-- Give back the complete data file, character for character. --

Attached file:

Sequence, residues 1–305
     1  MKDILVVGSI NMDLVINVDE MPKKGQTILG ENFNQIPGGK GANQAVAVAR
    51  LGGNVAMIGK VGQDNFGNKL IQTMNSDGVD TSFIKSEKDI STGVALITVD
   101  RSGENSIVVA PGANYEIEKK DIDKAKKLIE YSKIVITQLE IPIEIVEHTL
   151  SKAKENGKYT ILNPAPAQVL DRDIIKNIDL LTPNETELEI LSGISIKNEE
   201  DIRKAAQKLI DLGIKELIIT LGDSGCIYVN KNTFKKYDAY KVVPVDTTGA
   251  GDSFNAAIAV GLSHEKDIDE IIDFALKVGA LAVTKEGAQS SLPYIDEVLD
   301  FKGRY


Sequence, residues 1–305
     1  MKDILVVGSI NMDLVINVDE MPKKGQTILG ENFNQIPGGK GANQAVAVAR
    51  LGGNVAMIGK VGQDNFGNKL IQTMNSDGVD TSFIKSEKDI STGVALITVD
   101  RSGENSIVVA PGANYEIEKK DIDKAKKLIE YSKIVITQLE IPIEIVEHTL
   151  SKAKENGKYT ILNPAPAQVL DRDIIKNIDL LTPNETELEI LSGISIKNEE
   201  DIRKAAQKLI DLGIKELIIT LGDSGCIYVN KNTFKKYDAY KVVPVDTTGA
   251  GDSFNAAIAV GLSHEKDIDE IIDFALKVGA LAVTKEGAQS SLPYIDEVLD
   301  FKGRY